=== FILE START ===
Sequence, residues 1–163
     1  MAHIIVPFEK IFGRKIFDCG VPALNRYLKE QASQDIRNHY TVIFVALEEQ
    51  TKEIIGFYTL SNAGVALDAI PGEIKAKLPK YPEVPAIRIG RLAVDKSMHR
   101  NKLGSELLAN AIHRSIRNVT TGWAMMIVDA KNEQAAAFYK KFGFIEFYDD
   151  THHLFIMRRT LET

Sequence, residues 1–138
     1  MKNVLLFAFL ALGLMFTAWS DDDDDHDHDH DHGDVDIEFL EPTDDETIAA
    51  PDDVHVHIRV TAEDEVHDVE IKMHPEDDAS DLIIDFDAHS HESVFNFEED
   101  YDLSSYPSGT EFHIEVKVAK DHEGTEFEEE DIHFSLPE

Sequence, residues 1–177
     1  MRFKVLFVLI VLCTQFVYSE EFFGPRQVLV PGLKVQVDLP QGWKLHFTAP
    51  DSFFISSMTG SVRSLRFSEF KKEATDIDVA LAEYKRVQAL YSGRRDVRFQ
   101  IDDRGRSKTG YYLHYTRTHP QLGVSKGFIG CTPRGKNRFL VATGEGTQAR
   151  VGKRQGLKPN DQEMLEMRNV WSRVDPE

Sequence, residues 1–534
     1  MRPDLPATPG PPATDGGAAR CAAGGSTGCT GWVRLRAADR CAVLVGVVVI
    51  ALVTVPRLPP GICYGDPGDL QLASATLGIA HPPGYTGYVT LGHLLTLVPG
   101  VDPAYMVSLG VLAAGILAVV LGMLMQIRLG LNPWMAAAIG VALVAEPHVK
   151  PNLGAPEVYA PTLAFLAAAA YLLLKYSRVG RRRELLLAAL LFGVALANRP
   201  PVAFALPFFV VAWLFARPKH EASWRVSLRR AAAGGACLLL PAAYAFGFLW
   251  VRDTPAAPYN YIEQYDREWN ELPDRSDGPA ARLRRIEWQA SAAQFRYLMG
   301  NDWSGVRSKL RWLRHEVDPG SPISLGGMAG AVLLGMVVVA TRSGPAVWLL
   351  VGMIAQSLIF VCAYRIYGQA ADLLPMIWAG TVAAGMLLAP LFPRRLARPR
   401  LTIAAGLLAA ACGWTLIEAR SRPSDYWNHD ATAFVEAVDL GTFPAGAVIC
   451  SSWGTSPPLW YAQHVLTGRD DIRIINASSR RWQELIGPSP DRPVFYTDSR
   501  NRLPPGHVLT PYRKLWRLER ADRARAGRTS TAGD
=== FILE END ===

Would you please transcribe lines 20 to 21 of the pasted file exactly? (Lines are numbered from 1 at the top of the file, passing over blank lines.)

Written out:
   201  PVAFALPFFV VAWLFARPKH EASWRVSLRR AAAGGACLLL PAAYAFGFLW
   251  VRDTPAAPYN YIEQYDREWN ELPDRSDGPA ARLRRIEWQA SAAQFRYLMG